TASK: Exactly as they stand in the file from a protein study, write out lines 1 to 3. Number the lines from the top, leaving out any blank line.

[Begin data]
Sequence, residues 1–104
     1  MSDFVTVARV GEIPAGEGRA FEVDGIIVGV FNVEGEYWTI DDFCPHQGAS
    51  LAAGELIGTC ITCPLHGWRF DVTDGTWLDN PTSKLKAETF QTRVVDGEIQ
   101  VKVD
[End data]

Sequence, residues 1–104
     1  MSDFVTVARV GEIPAGEGRA FEVDGIIVGV FNVEGEYWTI DDFCPHQGAS
    51  LAAGELIGTC ITCPLHGWRF DVTDGTWLDN PTSKLKAETF QTRVVDGEIQ